Good work, wellbeing and changes in performance outcomes:Illustrating the effects of good people management practices with an analysis of the National Health Service

Ogbonnaya, Chidiebere and Daniels, Kevin (2017) Good work, wellbeing and changes in performance outcomes:Illustrating the effects of good people management practices with an analysis of the National Health Service. What Works Wellbeing, London.

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Abstract

We already know that the extensive use of good people‐management practices can have benefits for organisational performance and employee wellbeing. Good people‐management practices are those which, for example: ● provide opportunities for workers to influence their work directly and allow staff to have input into decisions about their wider working environment; ● have clear roles and responsibilities for staff; ● encourage staff to communicate respectfully with each other, to collaborate, to be supportive of each other and to work effectively in their teams. ● enhance workers’ skills and support workers with access to learning and development opportunities; ● improve their motivation to perform well, provide feedback on their work through fair, accurate, supportive and effective performance management processes; ● encourage managers to support their people, through, for example, encouraging staff, giving advice and providing help with work problems. We know that job security is important, but this was not measured in this survey since it is not the most salient people management issue in the NHS, where workers tend to have secure jobs compared to other parts of the economy. We illustrate the benefits of good people management for performance and wellbeing with an analysis of National Health Service Trusts in England.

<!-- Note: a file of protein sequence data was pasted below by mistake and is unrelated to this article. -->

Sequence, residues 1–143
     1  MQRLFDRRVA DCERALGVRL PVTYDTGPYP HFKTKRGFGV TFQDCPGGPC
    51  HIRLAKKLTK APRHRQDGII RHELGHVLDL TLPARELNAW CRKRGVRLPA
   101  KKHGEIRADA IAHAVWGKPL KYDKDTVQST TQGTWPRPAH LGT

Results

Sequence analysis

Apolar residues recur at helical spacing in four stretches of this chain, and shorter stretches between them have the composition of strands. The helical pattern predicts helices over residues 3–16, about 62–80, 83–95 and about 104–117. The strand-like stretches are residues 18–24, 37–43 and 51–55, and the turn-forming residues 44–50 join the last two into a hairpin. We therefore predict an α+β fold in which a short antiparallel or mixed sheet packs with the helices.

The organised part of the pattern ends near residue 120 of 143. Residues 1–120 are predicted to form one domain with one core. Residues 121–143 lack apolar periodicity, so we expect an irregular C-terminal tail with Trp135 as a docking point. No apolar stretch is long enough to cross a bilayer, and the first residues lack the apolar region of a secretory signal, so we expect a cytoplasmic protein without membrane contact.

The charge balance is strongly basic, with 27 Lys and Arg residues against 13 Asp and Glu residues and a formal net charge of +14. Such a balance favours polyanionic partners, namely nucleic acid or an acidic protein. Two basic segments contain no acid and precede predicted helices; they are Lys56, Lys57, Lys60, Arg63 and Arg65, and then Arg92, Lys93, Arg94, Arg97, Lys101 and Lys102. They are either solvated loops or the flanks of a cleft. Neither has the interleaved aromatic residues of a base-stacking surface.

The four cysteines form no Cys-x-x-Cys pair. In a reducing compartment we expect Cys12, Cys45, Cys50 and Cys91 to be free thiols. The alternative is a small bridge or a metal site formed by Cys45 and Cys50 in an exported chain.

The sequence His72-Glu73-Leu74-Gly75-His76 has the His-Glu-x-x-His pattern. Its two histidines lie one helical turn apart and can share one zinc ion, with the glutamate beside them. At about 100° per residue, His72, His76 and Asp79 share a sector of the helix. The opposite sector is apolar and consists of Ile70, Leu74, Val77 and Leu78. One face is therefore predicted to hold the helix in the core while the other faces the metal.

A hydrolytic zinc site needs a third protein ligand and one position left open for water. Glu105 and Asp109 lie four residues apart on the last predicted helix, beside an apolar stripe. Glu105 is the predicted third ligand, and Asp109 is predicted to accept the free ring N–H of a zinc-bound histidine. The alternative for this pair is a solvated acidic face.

Item Type: Book
Uncontrolled Keywords: wellbeing,human resource management,job quality
Faculty \ School: Faculty of Social Sciences > Norwich Business School
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Depositing User: Pure Connector
Date Deposited: 19 Dec 2017 06:10
Last Modified: 02 Jul 2020 23:34
URI: https://ueaeprints.uea.ac.uk/id/eprint/65770
DOI:

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